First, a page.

is just like from the can but my kids prefer mine.

      2. Great recipe, I used dried beans cooked over 12 hours in lots of chicken broth, used it with this great recipe. Yummy. Turned out great
        Thank you, Inga

    2. Mary J Davenport says:

      Mine came out very dry. Followed the recipe but cut everything in half. Maybe they cooked too long for a half recipe?

  3. Barbara Ferguson says:

    How would you make this with dried navy beans. I have them soaking right now. All recipes I’ve seen say NO to black strap molasses. Thanks

    1. Laura Brown says:

      My grandmother’s trick was to drizzle the molasses over the top just a few minutes before it finished in the oven, rather than mixing it in. I’ve always loved having the molasses-y flavor in my baked beans. I don’t know why people would say no — other than not liking molasses, or it causing issues while cooking in a sauce. Grandpa was a chef, but he always let Grandma do the beans, which were much like this recipe, except for drizzling the molasses on top!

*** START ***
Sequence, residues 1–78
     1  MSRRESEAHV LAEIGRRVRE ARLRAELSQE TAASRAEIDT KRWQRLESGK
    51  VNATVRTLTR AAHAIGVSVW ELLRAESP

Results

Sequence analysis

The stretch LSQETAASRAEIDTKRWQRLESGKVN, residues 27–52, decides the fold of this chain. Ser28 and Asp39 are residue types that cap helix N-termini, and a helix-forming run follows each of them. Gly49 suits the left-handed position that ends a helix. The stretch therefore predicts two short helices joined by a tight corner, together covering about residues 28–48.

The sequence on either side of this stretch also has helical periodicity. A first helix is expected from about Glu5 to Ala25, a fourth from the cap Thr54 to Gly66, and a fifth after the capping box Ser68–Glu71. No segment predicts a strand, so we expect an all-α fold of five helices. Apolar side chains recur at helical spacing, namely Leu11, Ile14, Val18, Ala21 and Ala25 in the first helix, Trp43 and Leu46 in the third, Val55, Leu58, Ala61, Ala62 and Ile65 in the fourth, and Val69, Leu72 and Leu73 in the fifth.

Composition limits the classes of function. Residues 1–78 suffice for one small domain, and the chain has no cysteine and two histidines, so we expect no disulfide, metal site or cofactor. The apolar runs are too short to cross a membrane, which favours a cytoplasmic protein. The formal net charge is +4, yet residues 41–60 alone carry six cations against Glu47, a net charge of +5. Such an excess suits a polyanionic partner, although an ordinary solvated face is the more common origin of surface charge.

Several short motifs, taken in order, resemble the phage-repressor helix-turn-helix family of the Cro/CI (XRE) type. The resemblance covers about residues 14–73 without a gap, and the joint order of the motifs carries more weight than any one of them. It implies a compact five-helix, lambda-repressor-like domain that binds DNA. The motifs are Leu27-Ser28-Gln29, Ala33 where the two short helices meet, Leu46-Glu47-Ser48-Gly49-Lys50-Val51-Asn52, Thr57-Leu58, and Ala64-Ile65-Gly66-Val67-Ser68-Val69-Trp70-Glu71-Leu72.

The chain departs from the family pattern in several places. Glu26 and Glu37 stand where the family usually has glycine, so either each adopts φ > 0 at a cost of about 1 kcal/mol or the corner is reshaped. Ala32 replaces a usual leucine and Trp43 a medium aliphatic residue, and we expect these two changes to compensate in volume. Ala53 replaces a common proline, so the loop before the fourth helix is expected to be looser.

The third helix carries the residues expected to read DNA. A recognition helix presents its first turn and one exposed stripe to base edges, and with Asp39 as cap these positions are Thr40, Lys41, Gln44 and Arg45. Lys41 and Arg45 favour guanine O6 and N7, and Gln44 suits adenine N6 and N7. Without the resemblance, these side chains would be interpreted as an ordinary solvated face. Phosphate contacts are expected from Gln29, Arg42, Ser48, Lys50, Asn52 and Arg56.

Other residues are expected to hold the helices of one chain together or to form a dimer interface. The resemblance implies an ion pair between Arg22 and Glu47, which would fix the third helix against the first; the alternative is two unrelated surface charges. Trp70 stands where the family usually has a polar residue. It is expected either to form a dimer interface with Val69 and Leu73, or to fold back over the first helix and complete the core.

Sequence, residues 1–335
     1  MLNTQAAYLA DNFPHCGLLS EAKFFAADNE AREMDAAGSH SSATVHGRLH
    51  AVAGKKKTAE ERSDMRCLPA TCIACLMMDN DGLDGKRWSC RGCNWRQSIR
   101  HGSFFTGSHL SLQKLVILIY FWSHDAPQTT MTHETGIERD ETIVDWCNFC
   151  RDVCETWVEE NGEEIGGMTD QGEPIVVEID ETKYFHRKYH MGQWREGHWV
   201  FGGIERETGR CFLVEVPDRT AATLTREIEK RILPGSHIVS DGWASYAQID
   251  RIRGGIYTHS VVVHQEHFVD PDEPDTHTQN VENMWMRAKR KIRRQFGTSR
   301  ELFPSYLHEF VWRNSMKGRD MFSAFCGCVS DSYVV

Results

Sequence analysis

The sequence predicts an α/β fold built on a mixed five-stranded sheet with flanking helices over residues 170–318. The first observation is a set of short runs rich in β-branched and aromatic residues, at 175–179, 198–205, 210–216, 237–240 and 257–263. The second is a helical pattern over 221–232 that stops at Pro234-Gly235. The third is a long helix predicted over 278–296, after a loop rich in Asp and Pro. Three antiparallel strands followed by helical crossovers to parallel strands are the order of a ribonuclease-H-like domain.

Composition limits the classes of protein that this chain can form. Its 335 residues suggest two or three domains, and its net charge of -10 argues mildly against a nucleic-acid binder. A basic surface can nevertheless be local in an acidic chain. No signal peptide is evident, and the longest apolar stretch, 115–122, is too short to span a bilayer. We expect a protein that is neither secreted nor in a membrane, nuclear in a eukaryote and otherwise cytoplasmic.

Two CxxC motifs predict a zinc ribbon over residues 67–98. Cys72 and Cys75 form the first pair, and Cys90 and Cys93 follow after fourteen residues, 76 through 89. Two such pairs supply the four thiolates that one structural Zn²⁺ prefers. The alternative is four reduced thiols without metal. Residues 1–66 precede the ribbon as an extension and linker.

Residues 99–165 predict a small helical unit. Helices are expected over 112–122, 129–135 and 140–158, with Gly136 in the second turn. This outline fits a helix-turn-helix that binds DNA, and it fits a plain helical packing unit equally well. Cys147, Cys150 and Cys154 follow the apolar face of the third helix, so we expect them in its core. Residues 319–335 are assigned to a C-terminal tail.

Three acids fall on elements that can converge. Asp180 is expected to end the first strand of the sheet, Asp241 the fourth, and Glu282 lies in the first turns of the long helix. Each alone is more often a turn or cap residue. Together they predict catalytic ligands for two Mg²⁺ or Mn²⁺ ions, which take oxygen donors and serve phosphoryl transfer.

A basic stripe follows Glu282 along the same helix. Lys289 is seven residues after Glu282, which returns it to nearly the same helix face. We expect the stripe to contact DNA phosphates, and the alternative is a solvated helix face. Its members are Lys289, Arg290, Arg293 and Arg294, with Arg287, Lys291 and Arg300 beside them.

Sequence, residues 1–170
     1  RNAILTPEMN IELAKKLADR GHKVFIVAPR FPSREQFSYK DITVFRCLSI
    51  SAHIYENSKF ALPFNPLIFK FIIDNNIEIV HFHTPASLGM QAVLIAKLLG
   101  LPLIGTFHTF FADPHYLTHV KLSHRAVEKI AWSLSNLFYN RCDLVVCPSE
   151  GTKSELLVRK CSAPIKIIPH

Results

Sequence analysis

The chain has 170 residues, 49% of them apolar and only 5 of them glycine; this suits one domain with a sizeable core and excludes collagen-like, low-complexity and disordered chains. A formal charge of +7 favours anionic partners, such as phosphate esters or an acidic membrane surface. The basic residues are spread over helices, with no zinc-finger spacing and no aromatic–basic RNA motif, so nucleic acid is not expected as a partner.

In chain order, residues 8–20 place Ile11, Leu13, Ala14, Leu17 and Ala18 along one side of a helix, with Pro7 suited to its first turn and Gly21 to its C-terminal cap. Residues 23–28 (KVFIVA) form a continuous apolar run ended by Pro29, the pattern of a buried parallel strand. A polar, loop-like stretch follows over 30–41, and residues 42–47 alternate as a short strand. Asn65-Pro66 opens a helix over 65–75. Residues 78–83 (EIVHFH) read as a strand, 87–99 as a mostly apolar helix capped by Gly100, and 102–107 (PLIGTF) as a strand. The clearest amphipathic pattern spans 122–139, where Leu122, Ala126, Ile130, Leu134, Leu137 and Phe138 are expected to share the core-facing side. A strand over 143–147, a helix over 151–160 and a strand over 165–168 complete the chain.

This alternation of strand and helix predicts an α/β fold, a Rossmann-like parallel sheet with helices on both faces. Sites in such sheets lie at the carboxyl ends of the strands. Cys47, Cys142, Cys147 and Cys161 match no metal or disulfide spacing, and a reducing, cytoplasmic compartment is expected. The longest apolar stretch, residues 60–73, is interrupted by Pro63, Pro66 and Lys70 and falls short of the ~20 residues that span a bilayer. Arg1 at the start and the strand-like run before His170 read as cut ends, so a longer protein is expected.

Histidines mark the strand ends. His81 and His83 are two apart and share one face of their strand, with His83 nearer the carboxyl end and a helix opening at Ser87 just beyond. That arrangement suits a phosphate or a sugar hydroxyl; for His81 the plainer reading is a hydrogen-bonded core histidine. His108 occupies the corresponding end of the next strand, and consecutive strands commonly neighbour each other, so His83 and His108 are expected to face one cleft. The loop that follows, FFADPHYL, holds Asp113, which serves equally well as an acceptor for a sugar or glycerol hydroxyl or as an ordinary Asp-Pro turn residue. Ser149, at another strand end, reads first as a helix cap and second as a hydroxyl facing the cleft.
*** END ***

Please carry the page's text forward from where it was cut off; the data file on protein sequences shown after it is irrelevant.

4. patricia covey says:

    to Barbara ferguson.
    when I first started doing beans from scratch I used the receipe on the back of the package and it called for
    blackstrap molasses. so don’t worry, they turn out great and not too sweet. I also use regular white vinegar. I put in
    everything uncooked, leave out the garlic. for me it’s not for beans. I added weiners, small ribs, onions, bacon.
    NO canned beans or kidney beans. p.s. don’t for get to add a little baking soda to take out the crackers. lol

    1. Marcy Grote says:

      how many servings would I change the recipe to for 1 lb dried beans?

  5. Kim says:

    I added too much molasses by mistake how do I fix this

    1. Penny says: